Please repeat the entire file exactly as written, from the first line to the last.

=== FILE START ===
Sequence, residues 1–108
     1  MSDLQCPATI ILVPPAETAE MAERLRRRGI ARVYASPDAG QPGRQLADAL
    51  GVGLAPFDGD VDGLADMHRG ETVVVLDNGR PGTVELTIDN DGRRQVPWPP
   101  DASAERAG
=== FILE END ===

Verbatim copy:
Sequence, residues 1–108
     1  MSDLQCPATI ILVPPAETAE MAERLRRRGI ARVYASPDAG QPGRQLADAL
    51  GVGLAPFDGD VDGLADMHRG ETVVVLDNGR PGTVELTIDN DGRRQVPWPP
   101  DASAERAG